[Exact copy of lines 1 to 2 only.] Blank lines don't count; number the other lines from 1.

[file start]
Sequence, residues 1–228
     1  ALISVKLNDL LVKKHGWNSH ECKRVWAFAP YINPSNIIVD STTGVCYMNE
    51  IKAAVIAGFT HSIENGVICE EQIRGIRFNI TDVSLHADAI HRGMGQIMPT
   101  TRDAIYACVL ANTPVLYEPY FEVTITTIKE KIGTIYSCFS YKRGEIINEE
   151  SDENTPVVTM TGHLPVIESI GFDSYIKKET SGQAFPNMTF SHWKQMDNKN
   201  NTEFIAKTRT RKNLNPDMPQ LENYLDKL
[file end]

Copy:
Sequence, residues 1–228
     1  ALISVKLNDL LVKKHGWNSH ECKRVWAFAP YINPSNIIVD STTGVCYMNE